Don't get me wrong. I loved every minute of reading that book. It was fast-paced, epic, sprawling, and utterly horrific in all the right ways. But the producers of the show are smart to recognize that a straight adaptation of the novel definitely wouldn't make for a good TV; if nothing else, the ending of the novel is far, far too grimdark for network television. So I'm about to head into this TV show fully expecting that the plot will be changed significantly, that most of the novel's cast will be reduced down to amalgam characters, and that the gore (not to mention the body count, especially where cute kids and the heroic elderly are concerned) will be toned down significantly.

And yet still I'm reading the character list on the show's Wikipedia page and

Phil Bushey, a popular radio DJ



HA HA HA HA HA HA HA (*gross sobbing*)

Peter Shumway, Julia's husband

wait what


On the other hand, I am really, REALLY looking forward to watching Dean Norris as Big Jim because a) it's The Goddamn Dean Norris and he is absofuckinglutely incredible in Breaking Bad and b) Big Jim is in so many ways the evil mirror of Hank Schrader, so this has got to be one of the most inspired bits of casting I've ever seen. If Hank's character arc is all about a man wrapped up in blustery arrogance and self-delusion who slowly discovers humility and the strength to be honest with himself, then Big Jim's character arc is all about a man wrapped up in blustery arrogance and self-delusion who slowly discovers that he does, actually, have the strength to murder whoever the fuck is standing in his way. At least, that was his character arc in the novel, that is. I guess I'll just have to wait and find out whether Big Jim in the television show bears any resemblance to Big Jim in the novel.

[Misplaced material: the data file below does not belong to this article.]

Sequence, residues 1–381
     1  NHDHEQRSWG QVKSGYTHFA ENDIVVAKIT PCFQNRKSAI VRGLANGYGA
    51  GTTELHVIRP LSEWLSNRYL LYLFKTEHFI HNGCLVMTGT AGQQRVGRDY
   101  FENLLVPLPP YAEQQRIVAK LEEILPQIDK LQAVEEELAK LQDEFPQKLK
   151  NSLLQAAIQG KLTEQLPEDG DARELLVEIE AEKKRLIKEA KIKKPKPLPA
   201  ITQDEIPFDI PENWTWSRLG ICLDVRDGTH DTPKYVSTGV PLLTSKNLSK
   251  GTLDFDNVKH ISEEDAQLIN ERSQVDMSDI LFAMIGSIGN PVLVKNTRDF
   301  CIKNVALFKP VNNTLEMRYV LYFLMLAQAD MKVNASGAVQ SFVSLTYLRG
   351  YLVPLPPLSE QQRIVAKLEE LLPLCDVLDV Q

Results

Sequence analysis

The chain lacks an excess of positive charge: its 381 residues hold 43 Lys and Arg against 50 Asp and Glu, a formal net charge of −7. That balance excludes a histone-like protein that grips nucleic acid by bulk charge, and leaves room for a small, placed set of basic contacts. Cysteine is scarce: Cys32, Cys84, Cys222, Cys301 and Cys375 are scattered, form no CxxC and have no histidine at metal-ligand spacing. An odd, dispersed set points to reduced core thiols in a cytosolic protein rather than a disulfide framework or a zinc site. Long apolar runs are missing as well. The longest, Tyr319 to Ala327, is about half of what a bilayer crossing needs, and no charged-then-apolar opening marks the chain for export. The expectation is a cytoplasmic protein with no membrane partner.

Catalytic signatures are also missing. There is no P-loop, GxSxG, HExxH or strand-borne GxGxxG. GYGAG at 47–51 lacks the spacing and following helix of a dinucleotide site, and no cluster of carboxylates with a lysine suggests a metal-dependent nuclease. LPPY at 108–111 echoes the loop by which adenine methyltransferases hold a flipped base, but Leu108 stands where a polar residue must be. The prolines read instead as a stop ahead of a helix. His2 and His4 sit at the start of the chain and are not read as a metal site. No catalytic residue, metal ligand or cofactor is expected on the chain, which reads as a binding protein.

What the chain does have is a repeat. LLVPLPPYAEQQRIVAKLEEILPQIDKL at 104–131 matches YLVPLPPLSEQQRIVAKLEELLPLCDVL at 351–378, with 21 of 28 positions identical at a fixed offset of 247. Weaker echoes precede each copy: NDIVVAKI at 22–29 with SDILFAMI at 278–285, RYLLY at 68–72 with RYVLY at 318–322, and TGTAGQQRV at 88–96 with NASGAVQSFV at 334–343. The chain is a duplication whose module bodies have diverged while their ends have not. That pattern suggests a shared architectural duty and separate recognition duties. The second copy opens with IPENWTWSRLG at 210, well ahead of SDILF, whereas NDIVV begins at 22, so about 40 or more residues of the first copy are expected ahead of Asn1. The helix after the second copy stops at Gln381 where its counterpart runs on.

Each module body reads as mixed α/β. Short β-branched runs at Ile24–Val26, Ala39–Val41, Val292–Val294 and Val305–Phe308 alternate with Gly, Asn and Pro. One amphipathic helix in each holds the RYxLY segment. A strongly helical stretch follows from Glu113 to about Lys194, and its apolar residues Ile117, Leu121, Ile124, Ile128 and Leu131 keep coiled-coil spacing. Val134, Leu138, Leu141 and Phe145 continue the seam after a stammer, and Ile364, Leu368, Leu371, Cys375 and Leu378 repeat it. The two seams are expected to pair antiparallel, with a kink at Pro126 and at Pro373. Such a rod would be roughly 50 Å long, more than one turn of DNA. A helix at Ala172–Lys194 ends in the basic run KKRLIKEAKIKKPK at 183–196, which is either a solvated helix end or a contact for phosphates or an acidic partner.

On the other other hand, though, I've heard that Horace the Welsh Corgi isn't in the TV show. And if this turns out to be true, then goddammit, Steven Spielberg and Brian K. Vaughan!! Because Horace fucking rules.